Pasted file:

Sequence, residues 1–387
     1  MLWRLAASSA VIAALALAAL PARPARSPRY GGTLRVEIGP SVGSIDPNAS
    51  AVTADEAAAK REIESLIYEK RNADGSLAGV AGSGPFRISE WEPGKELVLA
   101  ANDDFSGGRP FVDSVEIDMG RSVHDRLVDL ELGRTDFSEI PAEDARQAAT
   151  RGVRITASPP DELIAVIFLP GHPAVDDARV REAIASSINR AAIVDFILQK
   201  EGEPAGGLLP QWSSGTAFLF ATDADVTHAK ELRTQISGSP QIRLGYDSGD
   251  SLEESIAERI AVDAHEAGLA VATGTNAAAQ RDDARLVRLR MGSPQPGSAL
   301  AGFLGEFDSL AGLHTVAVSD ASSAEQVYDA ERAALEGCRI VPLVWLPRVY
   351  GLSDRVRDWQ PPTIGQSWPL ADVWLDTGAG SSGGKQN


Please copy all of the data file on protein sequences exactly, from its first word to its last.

Sequence, residues 1–387
     1  MLWRLAASSA VIAALALAAL PARPARSPRY GGTLRVEIGP SVGSIDPNAS
    51  AVTADEAAAK REIESLIYEK RNADGSLAGV AGSGPFRISE WEPGKELVLA
   101  ANDDFSGGRP FVDSVEIDMG RSVHDRLVDL ELGRTDFSEI PAEDARQAAT
   151  RGVRITASPP DELIAVIFLP GHPAVDDARV REAIASSINR AAIVDFILQK
   201  EGEPAGGLLP QWSSGTAFLF ATDADVTHAK ELRTQISGSP QIRLGYDSGD
   251  SLEESIAERI AVDAHEAGLA VATGTNAAAQ RDDARLVRLR MGSPQPGSAL
   301  AGFLGEFDSL AGLHTVAVSD ASSAEQVYDA ERAALEGCRI VPLVWLPRVY
   351  GLSDRVRDWQ PPTIGQSWPL ADVWLDTGAG SSGGKQN